In addition to any necessary prerequisites, the MSA program requires 30 units of coursework, 18 units of which must be graduate accounting coursework. The remaining 12 units may be accounting units or approved non-accounting business elective courses.

Students will select a minimum of 9 units from the core accounting courses below.

This course examines the theory and methodology involved in the preparation of consolidated financial statements, accounting for mergers and acquisitions, translation of foreign currency financial statements, accounting for multiple currencies, accounting for derivatives and hedging, accounting for partnerships, governmental accounting, debt restructuring, corporate organizations and liquidations.

Units: 3
Usually Offered: Fall, spring
Prerequisites: Intermediate Financial Accounting I and II

This course provides a broad overview of the following areas of law, as related to business: ethics, the court system, alternative dispute resolution, the Constitution, torts, intellectual property, criminal law, contracts, negotiable instruments, creditors' rights, secured transactions, bankruptcy, agency, employment discrimination, labor law, corporations, securities, insider trading and professional liability.

Units: 3
Usually Offered: Fall, spring
Prerequisites: None

This course focuses on federal tax laws primarily related to regular C corporations. However, coverage will also include S corporations, Accounting for Income Taxes (ASC 740), Partnerships, Estates, Trusts and Gifts. We will follow the life cycle of a corporation and discuss the tax issues and business decisions at each stage (formation, operations, distributions to shareholders and liquidation). Throughout the corporate segment of this course, there will be an emphasis on understanding how taxes relate to business decisions and planning. In the Partnership, Gifts, Estates and trusts segment of this course, we will look at these topics from an overview perspective to give you a general idea about the tax issues involved.

Units: 3
Usually Offered: Fall
Prerequisites: Principles of Federal Taxation and Intro Financial Accounting

The opinion formulation process of the professional auditor, the auditor's reports, professional standards, internal and operational auditing.

Units: 3
Usually Offered: Fall
Prerequisites: Intermediate Financial Accounting I

This course consists of three parts. In the first part, we seek to understand the company and its business, and to measure profitability and credit risk. In the second part, we explore issues related to income statements and balance sheets. In the third part, we develop tools for forecasting pro forma financial statements and consider basic issues related to company valuation and investment potential.

Units: 3
Usually Offered: Fall
Prerequisites: Intermediate Financial Accounting I and II

Students will select 9 additional accounting units from the courses listed above or from the accounting courses listed below.

This course is designed to assist students in enhancing awareness of ethical dilemmas that arise in both personal situations and in the Accounting profession. It will expose students to the AICPA Professional Code of Conduct as it relates to ethical issues such as independence, integrity and objectivity, and to provide students with a structure for making ethical decisions.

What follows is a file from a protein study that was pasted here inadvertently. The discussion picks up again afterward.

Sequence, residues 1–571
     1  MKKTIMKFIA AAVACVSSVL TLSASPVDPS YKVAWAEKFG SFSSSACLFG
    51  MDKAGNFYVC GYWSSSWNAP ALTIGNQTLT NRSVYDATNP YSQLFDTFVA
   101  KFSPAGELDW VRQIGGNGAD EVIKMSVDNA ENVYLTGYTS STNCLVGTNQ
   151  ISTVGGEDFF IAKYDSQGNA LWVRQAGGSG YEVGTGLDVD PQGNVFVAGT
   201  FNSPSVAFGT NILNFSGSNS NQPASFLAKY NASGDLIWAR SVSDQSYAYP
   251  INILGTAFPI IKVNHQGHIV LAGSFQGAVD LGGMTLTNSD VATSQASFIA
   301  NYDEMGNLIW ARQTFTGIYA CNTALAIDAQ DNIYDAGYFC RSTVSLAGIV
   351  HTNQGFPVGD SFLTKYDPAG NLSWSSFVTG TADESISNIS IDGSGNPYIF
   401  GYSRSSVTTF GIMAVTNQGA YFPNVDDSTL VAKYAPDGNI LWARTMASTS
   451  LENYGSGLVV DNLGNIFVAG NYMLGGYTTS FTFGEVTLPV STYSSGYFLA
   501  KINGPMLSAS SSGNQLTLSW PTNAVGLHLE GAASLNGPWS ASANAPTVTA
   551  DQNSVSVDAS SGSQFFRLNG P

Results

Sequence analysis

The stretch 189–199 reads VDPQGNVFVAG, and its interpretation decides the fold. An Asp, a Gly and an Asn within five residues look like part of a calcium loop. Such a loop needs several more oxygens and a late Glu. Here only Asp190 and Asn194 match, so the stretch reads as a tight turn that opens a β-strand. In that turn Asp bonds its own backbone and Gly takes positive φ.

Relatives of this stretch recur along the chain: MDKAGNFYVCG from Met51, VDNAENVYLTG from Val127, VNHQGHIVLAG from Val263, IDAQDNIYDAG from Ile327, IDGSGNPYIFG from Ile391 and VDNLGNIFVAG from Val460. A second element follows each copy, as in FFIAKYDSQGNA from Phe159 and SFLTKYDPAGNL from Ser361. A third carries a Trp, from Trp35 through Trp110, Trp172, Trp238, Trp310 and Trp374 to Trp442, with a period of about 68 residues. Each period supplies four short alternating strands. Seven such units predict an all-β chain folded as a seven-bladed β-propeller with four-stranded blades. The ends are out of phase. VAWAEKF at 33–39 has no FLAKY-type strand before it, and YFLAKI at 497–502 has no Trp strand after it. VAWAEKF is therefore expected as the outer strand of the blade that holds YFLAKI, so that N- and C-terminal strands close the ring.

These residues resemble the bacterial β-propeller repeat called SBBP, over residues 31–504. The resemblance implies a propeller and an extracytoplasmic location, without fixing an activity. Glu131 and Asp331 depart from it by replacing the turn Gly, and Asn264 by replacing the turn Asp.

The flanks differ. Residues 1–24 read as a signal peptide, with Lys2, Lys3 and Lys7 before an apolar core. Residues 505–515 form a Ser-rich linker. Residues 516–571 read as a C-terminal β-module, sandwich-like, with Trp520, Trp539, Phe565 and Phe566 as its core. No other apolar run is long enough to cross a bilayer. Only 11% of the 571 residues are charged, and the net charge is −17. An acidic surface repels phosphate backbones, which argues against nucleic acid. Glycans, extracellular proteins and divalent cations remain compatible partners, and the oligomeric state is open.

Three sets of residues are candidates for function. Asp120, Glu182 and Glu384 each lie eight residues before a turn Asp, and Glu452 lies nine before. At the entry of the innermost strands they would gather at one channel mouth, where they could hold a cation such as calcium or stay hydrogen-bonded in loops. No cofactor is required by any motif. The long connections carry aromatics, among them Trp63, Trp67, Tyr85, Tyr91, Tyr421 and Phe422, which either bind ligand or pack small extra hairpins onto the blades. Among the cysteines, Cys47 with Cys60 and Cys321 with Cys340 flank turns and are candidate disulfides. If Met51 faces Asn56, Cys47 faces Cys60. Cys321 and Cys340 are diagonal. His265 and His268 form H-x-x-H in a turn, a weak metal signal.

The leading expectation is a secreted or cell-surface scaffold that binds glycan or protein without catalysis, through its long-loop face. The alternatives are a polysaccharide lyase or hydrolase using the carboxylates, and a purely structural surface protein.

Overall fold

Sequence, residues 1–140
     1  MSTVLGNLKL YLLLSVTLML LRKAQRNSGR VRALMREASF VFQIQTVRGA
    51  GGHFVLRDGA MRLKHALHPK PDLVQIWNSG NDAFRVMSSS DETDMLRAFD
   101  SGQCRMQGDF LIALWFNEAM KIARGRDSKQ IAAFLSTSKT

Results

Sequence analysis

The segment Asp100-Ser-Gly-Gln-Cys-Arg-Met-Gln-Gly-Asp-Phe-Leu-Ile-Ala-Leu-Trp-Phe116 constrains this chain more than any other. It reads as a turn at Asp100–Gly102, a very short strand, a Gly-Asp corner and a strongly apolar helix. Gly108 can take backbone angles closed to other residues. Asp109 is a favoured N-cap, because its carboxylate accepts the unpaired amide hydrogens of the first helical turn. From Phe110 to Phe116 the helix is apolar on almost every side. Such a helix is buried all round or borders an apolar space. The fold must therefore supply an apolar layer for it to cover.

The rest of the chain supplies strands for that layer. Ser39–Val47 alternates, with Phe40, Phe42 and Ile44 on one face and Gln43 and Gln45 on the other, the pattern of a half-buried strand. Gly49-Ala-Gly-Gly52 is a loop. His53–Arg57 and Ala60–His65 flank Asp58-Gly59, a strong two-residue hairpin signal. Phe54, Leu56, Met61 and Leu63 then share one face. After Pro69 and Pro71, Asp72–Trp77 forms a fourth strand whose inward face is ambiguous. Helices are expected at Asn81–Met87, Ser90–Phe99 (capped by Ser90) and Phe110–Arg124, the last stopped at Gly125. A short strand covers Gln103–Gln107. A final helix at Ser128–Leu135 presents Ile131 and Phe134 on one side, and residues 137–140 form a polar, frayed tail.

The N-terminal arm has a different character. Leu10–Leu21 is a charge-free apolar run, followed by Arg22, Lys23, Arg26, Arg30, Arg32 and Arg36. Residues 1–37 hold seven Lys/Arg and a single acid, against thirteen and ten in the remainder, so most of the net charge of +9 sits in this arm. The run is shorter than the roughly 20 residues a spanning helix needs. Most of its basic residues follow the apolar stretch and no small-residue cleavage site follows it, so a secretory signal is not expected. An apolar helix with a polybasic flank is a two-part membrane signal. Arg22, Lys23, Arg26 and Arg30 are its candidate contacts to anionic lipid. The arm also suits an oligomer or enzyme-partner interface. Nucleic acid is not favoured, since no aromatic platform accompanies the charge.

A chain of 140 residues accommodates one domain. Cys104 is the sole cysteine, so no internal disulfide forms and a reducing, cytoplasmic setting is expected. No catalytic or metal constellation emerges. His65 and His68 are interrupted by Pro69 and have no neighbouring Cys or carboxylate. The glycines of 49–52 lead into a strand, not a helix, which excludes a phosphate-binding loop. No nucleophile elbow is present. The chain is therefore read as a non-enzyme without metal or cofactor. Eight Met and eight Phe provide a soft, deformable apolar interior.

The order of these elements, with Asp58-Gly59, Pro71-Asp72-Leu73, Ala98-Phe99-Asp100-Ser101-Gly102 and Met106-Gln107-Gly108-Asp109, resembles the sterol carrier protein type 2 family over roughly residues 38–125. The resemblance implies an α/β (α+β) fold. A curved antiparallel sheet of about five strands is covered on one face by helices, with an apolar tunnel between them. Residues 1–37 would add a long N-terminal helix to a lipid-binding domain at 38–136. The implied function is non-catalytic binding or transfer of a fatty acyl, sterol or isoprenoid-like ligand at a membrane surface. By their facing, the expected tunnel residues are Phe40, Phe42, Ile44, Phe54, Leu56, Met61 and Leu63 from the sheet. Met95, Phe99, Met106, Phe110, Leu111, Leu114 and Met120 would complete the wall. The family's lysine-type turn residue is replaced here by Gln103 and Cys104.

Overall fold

Units: 3
Usually Offered: Spring
Prerequisites: Intro Financial Accounting

This course provides an overview of forensic and investigative accounting topics. It concentrates on concepts involved in understanding and differentiating the various types of forensic and investigative accounting methods. Instruction and application of basic forensic and investigative accounting techniques will a focus of this course.

Units: 3
Usually Offered: Spring
Prerequisites: Principles of Audit

In this course, audits are planned, performed and reported. This course will focus on performing tests of controls and substantive audit procedures. We will apply real world audit procedures in a simulated audit of a small town privately-held newspaper. The objective of the simulation is to provide you with hands-on experience performing analytical review procedures, internal control testing, substantive audit testing, working paper documentation and risk analysis. The simulated audit assignments will be completed in teams consisting of several students assigned on the first day of class.

Units: 3
Usually Offered: Spring
Prerequisites: Intermediate Financial Accounting I and Principles of Audit

Accounting information systems are designed to collect, process, store, transform and distribute information for planning, decision making and control. An effectively designed system can add value to a firm by improving process efficiency, increasing the reliability and timeliness of information, improving the quality of products and services and enhancing the quality of planning and control. Designing an effective accounting information system requires a comprehensive understanding of accounting rules and processes, internal control and the role of accounting information in decision making. This course will focus on the flow of accounting information through the organization, the role of information and information technology in decision making, the use of internal controls for ensuring the validity, accuracy and completeness of accounting information and the design and use of relational databases. Graduate-level requirements include a research paper on trends in accounting system implementations and participation in group projects.